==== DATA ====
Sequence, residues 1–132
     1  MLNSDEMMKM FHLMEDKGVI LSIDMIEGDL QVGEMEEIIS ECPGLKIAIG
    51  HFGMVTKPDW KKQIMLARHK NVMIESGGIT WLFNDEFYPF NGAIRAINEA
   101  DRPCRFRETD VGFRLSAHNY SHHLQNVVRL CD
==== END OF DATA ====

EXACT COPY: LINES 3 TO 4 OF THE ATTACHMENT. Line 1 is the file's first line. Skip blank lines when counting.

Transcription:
    51  HFGMVTKPDW KKQIMLARHK NVMIESGGIT WLFNDEFYPF NGAIRAINEA
   101  DRPCRFRETD VGFRLSAHNY SHHLQNVVRL CD